Monday, October 30, 2017
Number 2121: Poor humanfly
Wildey went on in his career to create Jonny Quest for Hanna-Barbera. But he had his apprenticeship doing comic book stories, as quoted in the Wikipedia page for Wildey, for “every publisher but EC, ‘the good one.’” His technique on this story is inspired by the look of EC.
As for the story, some soldiers and a scientist go into the unexplored part of the Amazon jungle for a secret project. As a horror story it uses the EC template of rough justice: a person does something awful, and a doom equivalent to his deed kills him.
Enjoy your Halloween!
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ATOMIC PESTICIDE? Yeesh, that'll be worse than the giant, intelligent flies!
This story stretches belief to the breaking point for any number of reasons that I could list but it all serves to get our insect hating human into the giant fly world. That said, the art is good, and it even makes a decent jungle story, as is.
Happy Halloween Pappy!
I'm sure that the fear of enormous flying insects is not as common as the fear of giant spiders, but I'd note that the same issues of physics apply to the legs and exoskeletons of insects, and that a new issue of flight is introduced. The ability of wings to lift increases with the surface area of those wings, but the mass of the insect and the mass (and hence weight) of the wings considered separately increase with their volumes, which is to say that, once again, squared dimensions are opposed by cubed dimensions. There is an upper limit even on the size of flying birds, and Aepyornis was probably near that limit.
The largest flying insects found in fossil form had wing-spans of about 2½ft (0.75m). The fact that flying insects once grew that large is used to support a theory that the atmosphere was once significantly more dense than now, with strikes by extraterrestrial bodies later causing the atmosphere to thin, and making it impossible for modern flying insects to achieve such size.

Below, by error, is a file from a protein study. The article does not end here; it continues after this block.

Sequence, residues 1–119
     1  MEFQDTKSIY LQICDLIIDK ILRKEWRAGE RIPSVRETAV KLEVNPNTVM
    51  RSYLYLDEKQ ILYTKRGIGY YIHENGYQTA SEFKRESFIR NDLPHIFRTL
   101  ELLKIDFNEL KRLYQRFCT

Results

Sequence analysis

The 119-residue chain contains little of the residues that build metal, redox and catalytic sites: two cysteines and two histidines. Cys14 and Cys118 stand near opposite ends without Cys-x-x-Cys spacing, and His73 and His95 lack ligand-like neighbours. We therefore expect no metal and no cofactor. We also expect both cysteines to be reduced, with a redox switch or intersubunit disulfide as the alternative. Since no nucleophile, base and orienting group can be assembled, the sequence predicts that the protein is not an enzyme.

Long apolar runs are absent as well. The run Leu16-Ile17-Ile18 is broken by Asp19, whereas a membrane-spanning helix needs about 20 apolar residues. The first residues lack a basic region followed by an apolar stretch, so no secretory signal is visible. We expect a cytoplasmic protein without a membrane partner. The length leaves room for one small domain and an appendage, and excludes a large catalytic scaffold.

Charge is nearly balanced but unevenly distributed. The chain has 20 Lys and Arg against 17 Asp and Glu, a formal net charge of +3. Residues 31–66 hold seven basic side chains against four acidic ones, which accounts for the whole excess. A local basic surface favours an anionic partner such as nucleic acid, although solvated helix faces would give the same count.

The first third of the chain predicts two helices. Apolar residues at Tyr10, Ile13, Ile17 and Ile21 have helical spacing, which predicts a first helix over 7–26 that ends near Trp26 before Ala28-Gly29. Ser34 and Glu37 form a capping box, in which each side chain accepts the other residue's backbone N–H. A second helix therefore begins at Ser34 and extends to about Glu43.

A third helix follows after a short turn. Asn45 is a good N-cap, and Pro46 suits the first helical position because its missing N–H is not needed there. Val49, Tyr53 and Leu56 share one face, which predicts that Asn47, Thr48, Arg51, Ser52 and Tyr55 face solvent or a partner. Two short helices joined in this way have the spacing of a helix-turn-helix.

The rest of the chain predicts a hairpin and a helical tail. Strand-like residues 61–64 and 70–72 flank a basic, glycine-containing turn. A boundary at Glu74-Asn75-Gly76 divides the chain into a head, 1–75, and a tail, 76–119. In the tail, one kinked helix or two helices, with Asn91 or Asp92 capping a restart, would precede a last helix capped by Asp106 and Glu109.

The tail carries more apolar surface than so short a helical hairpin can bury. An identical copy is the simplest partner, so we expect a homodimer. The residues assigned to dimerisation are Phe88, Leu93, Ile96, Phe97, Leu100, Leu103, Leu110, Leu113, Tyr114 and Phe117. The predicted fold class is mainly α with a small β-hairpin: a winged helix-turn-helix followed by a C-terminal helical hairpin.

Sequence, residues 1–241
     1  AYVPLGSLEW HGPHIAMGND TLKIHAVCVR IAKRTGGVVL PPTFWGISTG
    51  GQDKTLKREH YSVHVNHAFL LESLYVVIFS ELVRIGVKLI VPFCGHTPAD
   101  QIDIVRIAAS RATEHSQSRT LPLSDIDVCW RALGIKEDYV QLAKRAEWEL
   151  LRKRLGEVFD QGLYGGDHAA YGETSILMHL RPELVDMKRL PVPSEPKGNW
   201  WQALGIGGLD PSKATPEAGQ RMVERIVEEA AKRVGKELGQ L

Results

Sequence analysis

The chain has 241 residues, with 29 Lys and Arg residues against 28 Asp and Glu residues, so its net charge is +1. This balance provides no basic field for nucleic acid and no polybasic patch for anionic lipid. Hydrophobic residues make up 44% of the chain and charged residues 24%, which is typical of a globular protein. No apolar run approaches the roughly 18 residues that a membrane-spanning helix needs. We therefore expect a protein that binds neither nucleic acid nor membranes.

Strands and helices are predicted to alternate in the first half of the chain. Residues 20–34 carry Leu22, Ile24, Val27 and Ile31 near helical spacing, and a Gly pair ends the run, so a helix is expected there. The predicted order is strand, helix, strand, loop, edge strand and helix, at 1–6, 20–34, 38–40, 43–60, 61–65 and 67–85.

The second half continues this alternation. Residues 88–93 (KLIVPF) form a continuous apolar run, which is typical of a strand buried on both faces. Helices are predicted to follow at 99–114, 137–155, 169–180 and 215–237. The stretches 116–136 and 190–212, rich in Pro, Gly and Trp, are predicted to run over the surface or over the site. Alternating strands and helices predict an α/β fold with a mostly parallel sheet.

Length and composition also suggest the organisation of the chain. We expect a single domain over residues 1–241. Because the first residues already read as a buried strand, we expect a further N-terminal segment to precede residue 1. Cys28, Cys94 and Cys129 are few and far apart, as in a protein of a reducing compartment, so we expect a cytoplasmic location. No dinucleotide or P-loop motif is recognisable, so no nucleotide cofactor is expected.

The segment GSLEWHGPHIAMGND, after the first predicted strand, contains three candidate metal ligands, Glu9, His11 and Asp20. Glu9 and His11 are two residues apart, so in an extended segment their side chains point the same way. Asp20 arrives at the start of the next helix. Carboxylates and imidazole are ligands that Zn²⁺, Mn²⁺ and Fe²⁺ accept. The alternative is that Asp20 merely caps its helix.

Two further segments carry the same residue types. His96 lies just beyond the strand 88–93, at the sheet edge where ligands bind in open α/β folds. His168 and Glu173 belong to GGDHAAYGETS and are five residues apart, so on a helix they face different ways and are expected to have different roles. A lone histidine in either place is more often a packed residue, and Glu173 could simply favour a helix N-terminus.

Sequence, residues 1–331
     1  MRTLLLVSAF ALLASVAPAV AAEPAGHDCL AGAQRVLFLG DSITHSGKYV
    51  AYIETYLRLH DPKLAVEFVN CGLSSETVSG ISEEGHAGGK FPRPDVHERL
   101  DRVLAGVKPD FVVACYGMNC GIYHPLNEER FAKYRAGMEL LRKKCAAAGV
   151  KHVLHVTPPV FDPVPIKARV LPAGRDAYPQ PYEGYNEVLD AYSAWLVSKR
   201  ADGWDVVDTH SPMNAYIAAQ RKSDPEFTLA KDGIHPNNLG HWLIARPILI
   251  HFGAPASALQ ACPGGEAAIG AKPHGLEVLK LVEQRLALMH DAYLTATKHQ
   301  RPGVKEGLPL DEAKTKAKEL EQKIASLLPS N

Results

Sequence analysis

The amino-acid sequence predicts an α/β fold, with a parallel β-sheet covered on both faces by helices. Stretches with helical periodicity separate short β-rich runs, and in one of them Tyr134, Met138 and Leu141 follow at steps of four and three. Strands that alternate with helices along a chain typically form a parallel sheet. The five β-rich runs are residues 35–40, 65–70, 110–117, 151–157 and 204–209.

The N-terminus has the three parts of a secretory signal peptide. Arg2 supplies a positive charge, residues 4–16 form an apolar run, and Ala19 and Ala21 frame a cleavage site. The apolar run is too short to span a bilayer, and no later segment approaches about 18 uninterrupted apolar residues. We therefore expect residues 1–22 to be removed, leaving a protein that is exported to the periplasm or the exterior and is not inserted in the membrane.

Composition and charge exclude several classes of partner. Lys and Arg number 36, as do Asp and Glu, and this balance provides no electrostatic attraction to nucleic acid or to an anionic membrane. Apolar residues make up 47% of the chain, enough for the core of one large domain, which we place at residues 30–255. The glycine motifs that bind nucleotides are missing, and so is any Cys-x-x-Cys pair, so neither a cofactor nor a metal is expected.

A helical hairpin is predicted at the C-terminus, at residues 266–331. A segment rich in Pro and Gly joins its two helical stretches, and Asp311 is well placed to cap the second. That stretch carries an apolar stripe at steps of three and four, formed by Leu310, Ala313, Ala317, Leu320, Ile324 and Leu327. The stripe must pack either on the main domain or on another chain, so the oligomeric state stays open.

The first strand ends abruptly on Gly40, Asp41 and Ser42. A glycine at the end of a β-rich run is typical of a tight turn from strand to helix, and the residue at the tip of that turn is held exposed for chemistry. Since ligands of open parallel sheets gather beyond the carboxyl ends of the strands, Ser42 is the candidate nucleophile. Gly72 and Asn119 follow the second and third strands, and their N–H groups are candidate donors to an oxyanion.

Had Wildey wanted to work at EC (something not actually clear from the Wikipedia quote), then he should have developed and employed a style more distinctively his own — something that Gaines or Feldstein would have wanted to offer in their magazines. The illustration here is certainly credible, but EC was already well positioned to crank-out much like it. Even if an editor told Wildey that he wanted the EC look (which indeed I would guess, based upon the Leroy lettering), Wildey could have included touches to make his work stand-out.
Colonel Ladd should have been court-martialed upon return. It's brutally obvious that, once it was clear that Burns was actively hostile to Talbot, Ladd should have moved Talbot to his tent, and Leeds to the tent with Burns.
If the area into which the team was heading were free of human inhabitants, then there wouldn't have been much motivation for flies to hang human paper. And, even with an occasional stray human in the area, the paper wouldn't typically work, especially if it were bright pink. (A flypaper would be of such color exactly to reduce the chances of a human stumbling into it.)
Burns's injuries at the end were remarkably bloodless. (I think that the colorist should be faulted on that score, rather than Wildey.)
(Speaking of Leroy lettering, I recently completed assembling a collection of Leroy scribers of each sort made by Keuffel & Esser. There were something like 20 different varieties, though I'd have to take an inventory to be assured of the exact count. There were far more than 20 different sorts of set; I am only referring to the scribers.)
Hey guys...I thought a Halloween curse was upon me this weekend. I lost Internet, my wife's iPhone conked out...our television was futzing up.
Then Monday everything went back to normal. Internet came back, as did Mrs Pappy's iPhone, and the television looks fine, even to my glassy eyeballs.
I want to say something to Daniel about Leroy lettering...once you asked how they did those exclamation points, because there aren't any in the set. Careful looks at several different examples shows that the exclamation points were added by the old-fashioned way, drawn in with pen and ink.
Oh, and on the EC look of Wildey's work, and whether the editor asked him to use their style, I understand the editor at Story Comics was Harry Harrison. Harrison, who later went on to become a famous science fiction writer, was once an artist, then went into editing and writing. He had worked with Wallace Wood for various publishers, including EC, for a few years, so...take that as you will.
Thanks for the comments on the Halloween postings.
Very good stuff! I got to interview Wildey once.
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